Beta has followed Alpha and they were joined by Gamma and Delta, too, as WHO-designated Variants of Concern (VoC) of the novel coronavirus. While the world is warily tracking the spread of the Delta variant, or B.1.617.2, which was first identified in India in October last year, India itself is worried about Delta-plus. But the march of variants seemingly continues unabated and experts have in recent days said an eye must be kept on the Kappa and Lambda variants, too, both of which have been labelled as Variants of Interest (VoI) by WHO.
WHAT IS KAPPA?
It is a variant that is linked to the B.1.617 lineage of mutations that has also given rise to the Delta variant. B.1.617 has been found to carry more than a dozen mutations of which two stand out: E484Q and L452R, which is why this variant has also been called the “double mutant”.
But as it evolved, the B.1.617 branched out into new lineages. One of those, B.1.617.2 is called Delta and is the most prevalent variant at present in India. The other lineage, B.1.617.1, is called Kappa and it was designated as a VoI by the World Health Organisation (WHO) in April this year. But the Kappa itself also contains a sub-lineage, B.1.617.3 which, though not designated separately, is being tracked, too.
According to WHO, a VoI is one that “has been identified to cause community transmission/multiple Covid-19 cases/clusters, or has been detected in multiple countries”.
Kappa was first detected in India and more than 3,500 of the close to 30,000 cumulative samples submitted by the country to the GISAID initiative, which maintains a global database of novel coronavirus genomes, are of this variant. In the last 60 days, the Kappa variant has made up 3 per cent of all samples submitted by India. India, in fact, leads the GISAID table for Kappa submissions and is followed by the UK, US, Canada, etc.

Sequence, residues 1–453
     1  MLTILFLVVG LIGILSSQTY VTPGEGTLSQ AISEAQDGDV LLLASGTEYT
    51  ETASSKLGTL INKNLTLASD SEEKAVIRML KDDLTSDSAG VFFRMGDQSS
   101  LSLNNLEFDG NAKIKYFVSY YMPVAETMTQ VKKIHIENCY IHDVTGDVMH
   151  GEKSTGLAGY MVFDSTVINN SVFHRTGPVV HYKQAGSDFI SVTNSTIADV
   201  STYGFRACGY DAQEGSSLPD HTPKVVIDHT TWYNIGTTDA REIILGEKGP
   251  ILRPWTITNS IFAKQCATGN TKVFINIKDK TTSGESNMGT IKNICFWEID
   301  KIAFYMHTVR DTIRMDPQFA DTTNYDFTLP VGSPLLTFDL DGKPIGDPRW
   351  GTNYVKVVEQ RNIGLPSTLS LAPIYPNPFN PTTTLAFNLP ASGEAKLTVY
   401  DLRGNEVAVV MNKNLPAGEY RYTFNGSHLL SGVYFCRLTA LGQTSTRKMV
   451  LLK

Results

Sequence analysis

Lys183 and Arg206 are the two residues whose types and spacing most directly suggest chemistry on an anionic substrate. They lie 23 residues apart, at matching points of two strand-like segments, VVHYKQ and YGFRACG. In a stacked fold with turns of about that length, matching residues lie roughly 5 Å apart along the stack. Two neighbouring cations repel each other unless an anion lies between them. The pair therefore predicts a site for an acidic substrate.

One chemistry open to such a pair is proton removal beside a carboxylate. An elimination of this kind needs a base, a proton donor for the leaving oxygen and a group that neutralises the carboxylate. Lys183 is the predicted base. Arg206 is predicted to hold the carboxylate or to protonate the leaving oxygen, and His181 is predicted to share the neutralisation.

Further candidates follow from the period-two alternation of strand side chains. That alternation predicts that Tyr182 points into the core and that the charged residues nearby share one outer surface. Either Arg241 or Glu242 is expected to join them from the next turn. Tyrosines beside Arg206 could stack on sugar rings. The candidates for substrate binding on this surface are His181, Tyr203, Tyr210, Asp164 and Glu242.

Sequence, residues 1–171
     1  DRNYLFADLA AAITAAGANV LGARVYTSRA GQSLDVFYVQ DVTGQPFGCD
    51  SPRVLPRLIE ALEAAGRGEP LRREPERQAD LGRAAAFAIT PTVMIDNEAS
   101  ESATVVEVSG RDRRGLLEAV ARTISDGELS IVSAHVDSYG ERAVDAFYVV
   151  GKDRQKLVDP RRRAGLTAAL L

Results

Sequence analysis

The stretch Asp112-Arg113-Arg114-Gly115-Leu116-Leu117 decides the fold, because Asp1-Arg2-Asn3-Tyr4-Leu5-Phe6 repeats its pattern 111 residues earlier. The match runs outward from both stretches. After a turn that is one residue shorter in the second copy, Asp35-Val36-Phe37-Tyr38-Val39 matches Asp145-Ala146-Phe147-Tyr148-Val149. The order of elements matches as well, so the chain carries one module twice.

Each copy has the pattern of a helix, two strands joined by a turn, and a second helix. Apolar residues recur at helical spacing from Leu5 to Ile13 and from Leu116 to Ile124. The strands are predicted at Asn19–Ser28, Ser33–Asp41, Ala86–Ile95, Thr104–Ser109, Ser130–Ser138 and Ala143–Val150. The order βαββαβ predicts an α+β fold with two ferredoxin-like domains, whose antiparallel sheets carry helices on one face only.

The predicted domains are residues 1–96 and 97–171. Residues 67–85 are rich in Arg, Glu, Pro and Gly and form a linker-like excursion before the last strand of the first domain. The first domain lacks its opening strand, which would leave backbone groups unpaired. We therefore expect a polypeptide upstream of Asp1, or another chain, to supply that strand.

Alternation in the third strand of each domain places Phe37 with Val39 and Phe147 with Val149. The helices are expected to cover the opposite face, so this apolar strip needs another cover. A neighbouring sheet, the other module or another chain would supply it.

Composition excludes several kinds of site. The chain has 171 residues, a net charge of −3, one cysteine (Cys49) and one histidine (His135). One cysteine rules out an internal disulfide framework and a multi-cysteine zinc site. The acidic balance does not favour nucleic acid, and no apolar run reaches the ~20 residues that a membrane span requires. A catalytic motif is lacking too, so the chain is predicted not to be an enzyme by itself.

WHAT IS LAMBDA?
The C.37 variant, better known as Lambda, its name as per the WHO designations based on the letters of the Greek alphabet, is the newest VoI identified by the UN health agency. It was first identified in Peru in December last year and has so far been detected in samples from about 26 countries shared with GISAID. The highest number of samples submitted is from Chile followed by the US. Peru is third on the list.
However, no samples so far from India have been of the Lambda variant.
The Lambda variant belongs to the B.1.1.1 lineage, which has been identified in as many as 29 countries, including in North and South America, Europe and Oceania. WHO has said that this variant has multiple mutations in the spike protein, which could have implications for how easily the virus spreads between people.
Health officials in the UK have said that Lambda is linked with symptoms that are common with most other variants of the novel coronavirus and that there is currently no evidence that it causes more severe disease or renders vaccines less effective.
DELTA STILL THE MOST PREVALENT IN INDIA
According to a database maintained by outbreak.info, of the total four WHO designated VoCs, three have been detected in samples isolated in India. The most prevalent one is the Delta, or B.1.617.2, variant, which accounted for 31 per cent of all samples shared by the country with GISAID. The second-most prevalent is Kappa, making up 16 per cent of the samples submitted. It is followed by the Alpha variant, with 13 per cent of total samples linked to this variant.
The Beta variant, which was first identfied in South Africa in May last year, accounts for just 1 per cent of the samples from India while Gamma, the fourth and last WHO-designated VoC, is yet to be detected in India.